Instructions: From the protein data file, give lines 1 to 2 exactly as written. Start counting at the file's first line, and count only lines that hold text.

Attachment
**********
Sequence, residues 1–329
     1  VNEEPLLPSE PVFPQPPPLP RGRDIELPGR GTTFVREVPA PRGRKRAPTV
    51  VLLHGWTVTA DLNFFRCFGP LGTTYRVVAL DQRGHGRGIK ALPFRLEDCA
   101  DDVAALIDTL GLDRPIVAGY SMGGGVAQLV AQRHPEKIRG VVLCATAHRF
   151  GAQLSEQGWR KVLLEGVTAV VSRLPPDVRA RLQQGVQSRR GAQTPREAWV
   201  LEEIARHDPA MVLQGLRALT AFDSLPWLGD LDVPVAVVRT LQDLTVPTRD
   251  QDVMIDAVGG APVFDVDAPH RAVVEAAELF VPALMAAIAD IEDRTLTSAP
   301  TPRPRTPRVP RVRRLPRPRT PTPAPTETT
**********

Sequence, residues 1–329
     1  VNEEPLLPSE PVFPQPPPLP RGRDIELPGR GTTFVREVPA PRGRKRAPTV